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Jewish World Review Aug. 2, 1999/20 Av , 5759

Larry Elder

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More Television, More Crime? -- A NEWSPAPER CARTOON shows a beleaguered Willy Loman-esque businessman, shoulders hunched, walking down the street, briefcase in hand. He looks up, and sees a pigeon sitting on a tree branch, with the bird's "business end" directly above the guy's head.

"Go ahead," says the businessman. "Everybody else has."

Today's prime time television execs can relate. A group led by Steve Allen, former President Jimmy Carter, General Colin Powell, presidential candidate Sen. John McCain, and others, sent a letter to Hollywood. Watch it, they said. Make decent shows, devoid of excessive sex and violence, or expect government regulation to do it for you. See, according to them, the good folk in America are mad as hell and are just not gonna take it any more!

Attacking programming quality, the group said, "American parents today are deeply worried about their children's exposure to an increasingly toxic popular culture ... " They called for a "new social compact aimed at renewing our culture and making our media environment more healthy for society and safer for our children."

"Toxic?" Really.

But, if the entertainment industry puts on "toxic" stuff, should they lead the charge to "renew our American culture"? Do we really want to appoint as Minister of Taste the folks who greenlighted "Cop Rock" or "Dukes of Hazzard"?

The Hollywood-should-be-more-responsible group cited polling data showing parents' concern about excessive sex and violence. OK. But why did "The Last Don" and "The Last Don II," two graphically violent TV movies, score huge ratings? And, if some pollster says, "Are you concerned about excessive sex and violence on TV?" who's gonna say, "Well, not really"?

"Toxic?" Last time I checked, I saw a lot of good stuff on TV -- the Bravo, Disney, Discovery, History and Learning Channels; A&E, PBS and C-SPAN, as well as quality network newsmagazine shows like "60 Minutes," "Dateline," and "20/20." As far as the Big Four networks go -- NBC, CBS, ABC and FOX, their "control" over the TV market grows weaker and weaker. A generation ago, the networks could claim a near monopoly on viewership. Today, the Big Four market share stands at 40 percent, and falling.

Are parents truly "mad as hell"? A TV program does not make it without advertiser support. And most advertisers are as skittish as David Duke at the Million Man March. A single letter can cause a nervous advertiser to call its media buyer and demand answers. Do you think American Airlines, Sears, IBM, and General Motors care less than Messrs. Allen, Powell, Carter, and McCain whether a sitcom offends a housewife in Des Moines?

Take "NYPD Blue." When it aired, several affiliates refused to show it, citing advertiser jitters. The show became popular, and the ratings went up, magically solving the concerns of advertisers who gladly returned.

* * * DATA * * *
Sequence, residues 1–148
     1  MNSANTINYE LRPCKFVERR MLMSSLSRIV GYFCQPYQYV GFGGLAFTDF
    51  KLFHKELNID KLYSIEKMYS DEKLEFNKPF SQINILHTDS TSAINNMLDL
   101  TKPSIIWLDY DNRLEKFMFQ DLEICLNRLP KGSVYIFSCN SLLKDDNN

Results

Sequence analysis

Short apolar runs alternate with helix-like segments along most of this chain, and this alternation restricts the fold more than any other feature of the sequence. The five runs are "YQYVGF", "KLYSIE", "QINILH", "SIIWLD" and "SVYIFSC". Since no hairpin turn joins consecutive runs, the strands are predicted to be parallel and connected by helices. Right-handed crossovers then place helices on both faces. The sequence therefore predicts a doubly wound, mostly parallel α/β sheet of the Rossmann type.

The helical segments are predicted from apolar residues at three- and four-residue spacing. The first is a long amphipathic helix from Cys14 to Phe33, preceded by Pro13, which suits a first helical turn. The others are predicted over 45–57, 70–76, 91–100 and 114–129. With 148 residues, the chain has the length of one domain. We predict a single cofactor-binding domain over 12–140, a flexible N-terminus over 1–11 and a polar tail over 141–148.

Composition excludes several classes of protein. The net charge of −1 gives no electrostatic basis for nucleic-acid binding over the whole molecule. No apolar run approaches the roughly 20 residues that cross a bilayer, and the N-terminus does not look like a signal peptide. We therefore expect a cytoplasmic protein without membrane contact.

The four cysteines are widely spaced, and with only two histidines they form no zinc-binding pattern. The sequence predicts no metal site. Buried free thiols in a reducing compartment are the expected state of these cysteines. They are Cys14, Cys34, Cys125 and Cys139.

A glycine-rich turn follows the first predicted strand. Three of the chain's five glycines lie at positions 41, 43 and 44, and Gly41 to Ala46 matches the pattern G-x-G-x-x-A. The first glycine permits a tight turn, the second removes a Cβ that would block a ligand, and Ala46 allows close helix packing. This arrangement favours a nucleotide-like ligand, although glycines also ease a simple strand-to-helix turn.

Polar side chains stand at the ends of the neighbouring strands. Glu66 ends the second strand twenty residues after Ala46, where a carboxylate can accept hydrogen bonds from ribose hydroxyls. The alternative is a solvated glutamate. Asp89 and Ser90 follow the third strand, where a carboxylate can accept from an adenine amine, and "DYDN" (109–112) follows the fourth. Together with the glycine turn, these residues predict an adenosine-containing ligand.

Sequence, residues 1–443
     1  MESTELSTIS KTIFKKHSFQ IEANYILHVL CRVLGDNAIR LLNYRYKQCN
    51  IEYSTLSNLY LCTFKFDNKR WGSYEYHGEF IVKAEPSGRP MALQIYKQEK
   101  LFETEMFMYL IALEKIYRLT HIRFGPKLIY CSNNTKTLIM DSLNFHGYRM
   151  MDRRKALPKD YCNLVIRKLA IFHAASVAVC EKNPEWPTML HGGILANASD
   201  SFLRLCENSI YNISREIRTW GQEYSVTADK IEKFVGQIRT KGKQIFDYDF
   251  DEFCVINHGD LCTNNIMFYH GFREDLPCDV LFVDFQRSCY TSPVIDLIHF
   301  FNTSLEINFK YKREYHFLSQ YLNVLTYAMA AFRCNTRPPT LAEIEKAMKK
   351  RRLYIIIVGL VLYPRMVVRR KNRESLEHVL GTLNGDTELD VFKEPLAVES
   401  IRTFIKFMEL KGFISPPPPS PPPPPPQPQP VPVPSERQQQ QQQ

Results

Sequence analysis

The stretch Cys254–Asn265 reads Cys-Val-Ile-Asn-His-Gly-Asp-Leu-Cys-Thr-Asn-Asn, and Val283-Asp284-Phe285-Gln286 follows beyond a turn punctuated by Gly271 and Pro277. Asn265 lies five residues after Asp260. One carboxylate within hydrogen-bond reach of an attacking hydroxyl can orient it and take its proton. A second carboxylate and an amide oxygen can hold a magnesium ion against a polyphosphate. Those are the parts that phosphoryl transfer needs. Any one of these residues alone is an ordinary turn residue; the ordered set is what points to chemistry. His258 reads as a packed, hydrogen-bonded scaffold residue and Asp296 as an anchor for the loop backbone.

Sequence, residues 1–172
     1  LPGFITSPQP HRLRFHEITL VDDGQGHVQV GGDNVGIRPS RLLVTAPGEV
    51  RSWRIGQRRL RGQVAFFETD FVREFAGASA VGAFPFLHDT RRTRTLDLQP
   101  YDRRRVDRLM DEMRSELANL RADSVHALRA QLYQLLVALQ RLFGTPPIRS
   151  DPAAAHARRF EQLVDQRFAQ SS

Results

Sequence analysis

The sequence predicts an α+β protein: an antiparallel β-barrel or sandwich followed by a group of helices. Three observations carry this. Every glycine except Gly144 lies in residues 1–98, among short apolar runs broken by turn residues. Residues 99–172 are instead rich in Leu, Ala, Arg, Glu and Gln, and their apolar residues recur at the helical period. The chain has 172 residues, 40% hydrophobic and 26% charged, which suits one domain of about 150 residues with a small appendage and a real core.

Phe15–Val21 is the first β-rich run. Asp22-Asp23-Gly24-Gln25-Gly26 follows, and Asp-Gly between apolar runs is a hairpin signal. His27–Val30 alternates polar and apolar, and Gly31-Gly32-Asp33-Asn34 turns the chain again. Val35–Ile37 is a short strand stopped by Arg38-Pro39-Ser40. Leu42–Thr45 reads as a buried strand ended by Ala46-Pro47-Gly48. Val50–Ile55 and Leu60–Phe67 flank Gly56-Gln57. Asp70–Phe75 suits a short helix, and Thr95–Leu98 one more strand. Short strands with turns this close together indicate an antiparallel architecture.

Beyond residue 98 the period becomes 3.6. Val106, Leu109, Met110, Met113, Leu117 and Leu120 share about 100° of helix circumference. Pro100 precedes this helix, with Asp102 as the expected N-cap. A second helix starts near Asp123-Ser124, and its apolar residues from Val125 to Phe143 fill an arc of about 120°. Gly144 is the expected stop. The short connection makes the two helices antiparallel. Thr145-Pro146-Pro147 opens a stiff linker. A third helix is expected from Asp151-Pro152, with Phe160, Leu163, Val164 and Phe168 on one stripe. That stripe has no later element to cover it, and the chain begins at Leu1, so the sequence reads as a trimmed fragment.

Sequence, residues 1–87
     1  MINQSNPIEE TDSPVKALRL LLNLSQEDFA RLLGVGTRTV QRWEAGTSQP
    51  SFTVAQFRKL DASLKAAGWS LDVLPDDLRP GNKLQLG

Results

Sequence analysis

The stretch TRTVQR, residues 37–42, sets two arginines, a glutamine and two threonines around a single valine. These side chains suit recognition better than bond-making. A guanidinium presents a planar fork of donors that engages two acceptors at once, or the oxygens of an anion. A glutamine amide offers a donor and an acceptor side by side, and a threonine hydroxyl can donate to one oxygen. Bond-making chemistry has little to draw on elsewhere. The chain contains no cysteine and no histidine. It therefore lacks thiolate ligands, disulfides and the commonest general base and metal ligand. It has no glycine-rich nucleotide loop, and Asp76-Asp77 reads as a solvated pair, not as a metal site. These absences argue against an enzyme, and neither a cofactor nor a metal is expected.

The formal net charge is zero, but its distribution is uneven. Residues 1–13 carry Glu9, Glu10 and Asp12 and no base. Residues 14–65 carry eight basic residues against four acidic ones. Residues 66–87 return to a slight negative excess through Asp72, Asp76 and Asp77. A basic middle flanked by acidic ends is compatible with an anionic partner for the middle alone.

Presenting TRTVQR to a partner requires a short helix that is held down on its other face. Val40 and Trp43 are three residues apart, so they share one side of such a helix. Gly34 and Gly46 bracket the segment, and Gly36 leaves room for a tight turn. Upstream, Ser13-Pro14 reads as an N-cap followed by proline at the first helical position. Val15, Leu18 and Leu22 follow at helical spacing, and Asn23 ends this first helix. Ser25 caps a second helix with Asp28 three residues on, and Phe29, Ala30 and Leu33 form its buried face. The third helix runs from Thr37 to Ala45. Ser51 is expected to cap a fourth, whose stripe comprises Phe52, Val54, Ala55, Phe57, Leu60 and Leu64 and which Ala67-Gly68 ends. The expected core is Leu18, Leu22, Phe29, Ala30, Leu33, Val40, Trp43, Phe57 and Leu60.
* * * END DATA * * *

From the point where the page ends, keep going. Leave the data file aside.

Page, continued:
The group wants Hollywood to help "renew our American culture." But just how bad is our culture? What salacious movies or excessively violent video games were seen by Adolf Hitler, Benito Mussolini, or the rulers of Imperial Japan? Japan, Germany, and Italy take pride on their refined, sophisticated "culture," a culture that saw its leaders plunge the world into a global conflict resulting in over 50 million deaths.

Besides, I thought American kids watched too much television. Why try to make television more appealing to the very kids who need to watch less of it? Maybe the group feels, what the hey, kids devour TV, might as well stick some fruit and vegetables in them. "The Sopranos," an HBO series, recently garnered 16 Emmy nominations. This well-written show, which follows a Mafia family, is wall-to-wall violence and profanity.

What, according to the "Storm Hollywood" crowd, does the popular and critical success of "The Sopranos" say about our culture?

No doubt, television is clearly influential. During the '50s, "Davy Crockett" made every kid on the block wear a coonskin cap. And what American teenage boy didn't run out and get a white T-shirt after Marlon Brando's performance in "A Streetcar Named Desire"?

But television's influence on the unstable, those without values, eludes easy answers. Perhaps the book, "My Father's Face," by James Robison, provides a useful starting place. There, a chaplain of a federal penitentiary decided to improve morale. He contacted a major greeting card company, and got 500 free Mother's Day cards, one for each prisoner. He asked inmates whether they wished to fill out the cards, to be mailed at prison expense. They enthusiastically wrote notes to their moms on the cards, and mailed them in. The chaplain decided to repeat this success on Father's Day. He again got 500 free cards, but not one inmate wanted to send a card to his dad. Not one.

So, in the fight against senseless violence, Hollywood remains a tempting target. But don't blame the remote control. Blame a remote dad.

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©1999, Creators Syndicate